REPORTING FROM PARIS -- Socialist challenger Francois Hollande and incumbent Nicolas Sarkozy will advance to a runoff presidential election after an initial round of balloting Sunday, but a far-right candidate shocked the political establishment by running a strong third.
Early returns released after polls closed showed Hollande with about 28% of the vote to Sarkozy's 26%, a margin consistent with pre-election polls. Eight other candidates trailed.
The biggest surprise was the strong showing of far-right candidate Marine Le Pen, who received about 20%. That would be the strongest electoral showing her party has ever made -- about double the percentage her father Jean-Marie Le Pen received in 2007.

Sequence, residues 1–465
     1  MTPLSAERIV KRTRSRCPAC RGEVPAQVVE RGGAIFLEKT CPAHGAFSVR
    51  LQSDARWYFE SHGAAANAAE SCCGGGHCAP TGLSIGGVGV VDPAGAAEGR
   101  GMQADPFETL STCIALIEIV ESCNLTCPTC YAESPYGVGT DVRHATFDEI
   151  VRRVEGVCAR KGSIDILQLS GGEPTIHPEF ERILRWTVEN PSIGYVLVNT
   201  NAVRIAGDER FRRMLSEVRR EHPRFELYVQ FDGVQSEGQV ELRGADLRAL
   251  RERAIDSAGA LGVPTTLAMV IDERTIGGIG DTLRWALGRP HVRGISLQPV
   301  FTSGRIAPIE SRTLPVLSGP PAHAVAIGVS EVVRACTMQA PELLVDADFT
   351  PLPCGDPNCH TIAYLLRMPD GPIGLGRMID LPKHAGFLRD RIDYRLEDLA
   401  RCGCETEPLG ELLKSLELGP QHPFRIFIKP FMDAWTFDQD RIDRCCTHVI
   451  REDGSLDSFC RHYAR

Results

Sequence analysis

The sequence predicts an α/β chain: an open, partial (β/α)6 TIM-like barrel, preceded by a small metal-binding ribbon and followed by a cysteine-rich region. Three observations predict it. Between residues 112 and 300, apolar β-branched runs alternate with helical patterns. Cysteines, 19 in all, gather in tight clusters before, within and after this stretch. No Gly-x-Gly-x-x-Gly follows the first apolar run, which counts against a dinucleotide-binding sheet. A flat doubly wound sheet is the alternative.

Marine Le Pen knocked left-wing firebrand Jean-Luc Mélenchon into fourth place, becoming the kingmaker in the May 6 runoff between Hollande and Sarkozy. At least half of her voters are expected to support Sarkozy.
During a fiery campaign, Le Pen, a 43-year-old lawyer, relentlessly challenged the "established" candidates and in many ways defined the campaign landscape, forcing Sarkozy to veer to the right.
At Socialist Party headquarters, the atmosphere had been one of tense optimism as supporters waited for the results, with a crowd of young Hollande supporters gathered outside awaiting the news.
Former Socialist Culture Minister Jack Lang called for restraint. "We must not consider that it's already won. The battle will be difficult. It's when you believe it's in the bag that you end up losing," he said.
Early indications suggested that about 80% of the electorate turned out.
Photo: Socialist Party candidate Francois Hollande hugs a supporter Sunday while leaving party headquarters in Tulle, central France, after voting in the presidential election's first round. Credit: Bob Edme / Associated Press